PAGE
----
traditional success perspective this was a failed project. Today, however, the Opera House stands out as one of the greatest tourist attractions in the world and is considered an on-going success story for Australia and the city of Sydney. No company would agree today to have a similar project experience, but the story suggests that project success should be seen as a multidimensional, time-dependent concept, and must often be considered with a longer-term perspective in mind. Project efficiency is not always the only or even best criteria for success.
The U.S. Space Shuttle Program is another example demonstrating that short-term savings may result in long-term unexpected and unprecedented costs [11Shenhar A. The shuttle era lasting lessons. Aviat Week Space Technol 2011; 18(25
): 90-0.]. In an effort to save cost, NASA was restrained in the 1970s into a development contract of $5B instead of a required budget of $8-10B, forcing the agency to compromise on development efforts. It had to eliminate its plans for extended technology tests and later design freeze than those required under the restrained budget. The Shuttle’s original goal was enable the U.S. affordable space flights on a first-ever-built reusable vehicle. The compromised short-term efficiency gains resulted, however, in an enormous operational cost of $175B during four decades of Shuttle flights, (not to mention two terrible accidents, which claimed the lives of 14 astronauts). The cost of each flight was $1.5B, and maintaining the Shuttle program, added each year $3.5B to NASA’s budget. These extended costs led eventually to the retirement of the Shuttle, leaving the U.S. without an ability to reach space on its own. Had the program been seen with a longer-term success perspective, it may well be that the result would have been different and much more positive [11Shenhar A. The shuttle era lasting lessons. Aviat Week Space Technol 2011; 18(25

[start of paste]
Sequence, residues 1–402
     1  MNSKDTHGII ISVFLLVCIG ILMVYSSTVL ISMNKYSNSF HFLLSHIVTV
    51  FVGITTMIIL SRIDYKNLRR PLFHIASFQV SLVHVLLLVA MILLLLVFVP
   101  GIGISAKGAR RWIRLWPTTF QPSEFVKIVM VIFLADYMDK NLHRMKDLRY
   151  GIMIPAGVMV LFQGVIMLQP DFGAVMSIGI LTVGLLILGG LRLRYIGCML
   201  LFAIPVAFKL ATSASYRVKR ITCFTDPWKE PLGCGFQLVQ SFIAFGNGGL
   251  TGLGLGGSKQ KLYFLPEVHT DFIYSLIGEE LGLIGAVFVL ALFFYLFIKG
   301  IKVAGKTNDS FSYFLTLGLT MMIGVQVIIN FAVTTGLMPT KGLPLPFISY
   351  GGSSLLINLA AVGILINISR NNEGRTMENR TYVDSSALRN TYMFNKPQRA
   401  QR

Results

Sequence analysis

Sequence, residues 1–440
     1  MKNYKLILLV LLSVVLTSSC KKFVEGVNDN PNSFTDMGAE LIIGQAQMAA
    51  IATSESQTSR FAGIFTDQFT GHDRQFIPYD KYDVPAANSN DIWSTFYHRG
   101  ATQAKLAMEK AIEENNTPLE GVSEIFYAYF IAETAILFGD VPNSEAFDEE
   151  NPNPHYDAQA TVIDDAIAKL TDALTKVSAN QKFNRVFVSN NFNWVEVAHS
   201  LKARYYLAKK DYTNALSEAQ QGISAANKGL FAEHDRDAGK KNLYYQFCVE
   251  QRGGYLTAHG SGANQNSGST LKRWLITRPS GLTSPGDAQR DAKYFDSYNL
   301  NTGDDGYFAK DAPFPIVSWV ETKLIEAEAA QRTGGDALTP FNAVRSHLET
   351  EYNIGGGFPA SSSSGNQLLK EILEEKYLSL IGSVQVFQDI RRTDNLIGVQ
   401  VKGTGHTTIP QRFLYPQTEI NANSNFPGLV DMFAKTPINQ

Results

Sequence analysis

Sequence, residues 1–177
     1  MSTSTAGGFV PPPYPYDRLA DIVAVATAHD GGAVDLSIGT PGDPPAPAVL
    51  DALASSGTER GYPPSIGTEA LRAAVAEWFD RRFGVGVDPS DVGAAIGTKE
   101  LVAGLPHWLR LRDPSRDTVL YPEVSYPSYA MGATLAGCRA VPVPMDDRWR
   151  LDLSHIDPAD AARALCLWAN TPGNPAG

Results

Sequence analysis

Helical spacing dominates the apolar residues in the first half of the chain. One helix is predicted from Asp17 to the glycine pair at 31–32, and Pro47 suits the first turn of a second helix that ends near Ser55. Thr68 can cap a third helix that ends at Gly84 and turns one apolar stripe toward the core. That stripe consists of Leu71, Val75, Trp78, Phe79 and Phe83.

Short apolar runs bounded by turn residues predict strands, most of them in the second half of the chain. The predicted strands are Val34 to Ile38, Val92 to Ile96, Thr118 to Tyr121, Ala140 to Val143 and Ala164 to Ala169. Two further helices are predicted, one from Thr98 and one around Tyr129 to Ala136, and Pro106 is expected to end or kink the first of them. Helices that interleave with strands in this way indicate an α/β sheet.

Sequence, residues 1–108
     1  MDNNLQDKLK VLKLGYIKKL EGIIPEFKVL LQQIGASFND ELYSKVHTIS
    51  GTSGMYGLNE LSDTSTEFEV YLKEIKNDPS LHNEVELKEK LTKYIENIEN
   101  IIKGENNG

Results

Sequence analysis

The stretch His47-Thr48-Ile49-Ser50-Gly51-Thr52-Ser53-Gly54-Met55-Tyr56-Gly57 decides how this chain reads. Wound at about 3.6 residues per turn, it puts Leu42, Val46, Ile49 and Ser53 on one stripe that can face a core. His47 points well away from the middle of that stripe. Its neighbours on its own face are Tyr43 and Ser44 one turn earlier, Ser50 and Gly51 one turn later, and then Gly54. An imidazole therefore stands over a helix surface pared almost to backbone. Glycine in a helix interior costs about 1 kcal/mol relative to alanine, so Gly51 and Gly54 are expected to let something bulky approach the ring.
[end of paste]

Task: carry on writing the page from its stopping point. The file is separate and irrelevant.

The Shuttle experience may exemplify comparable situations today, when complex programs are being forced to achieve short-term savings and are bound by similar constraints. Such programs are often facing tremendous uncertainty and challenges, which are sometimes impossible to be assessed upfront. The typical, financial model of efficiency metrics, often expressed by accounting requests for precise estimates, may not fit the new world of rapid change and high uncertainty. A better approach is to plan such programs with enough contingency funds based on assessing initial levels of program uncertainty, and combine them with incentives to developers for not using all such funds. Our later discussion on adaptation will address this point from another perspective.
Project Strategy – The Missing Link
Typically, project execution starts after a project plan is created [12PMI. A guide to the project management body of knowledgeNewton Square PA Project Management Institute 5th ed. 2013; 590.]. The plan normally includes the project scope, deliveries, milestones, resources, and activities for execution. Yet, most projects are initiated as part of the company’s business strategy and they need to support this strategy. Traditional books and training are often not guiding teams on how to do it, leaving them to come up with their own ways. As we found, in order to translate the company’s strategy to what needs to be done on the project in support this strategy, we recommend adding a formal project strategy document between the top-level business strategy and the project plan – we call it “the missing link.” But what exactly is project strategy and what does it involve?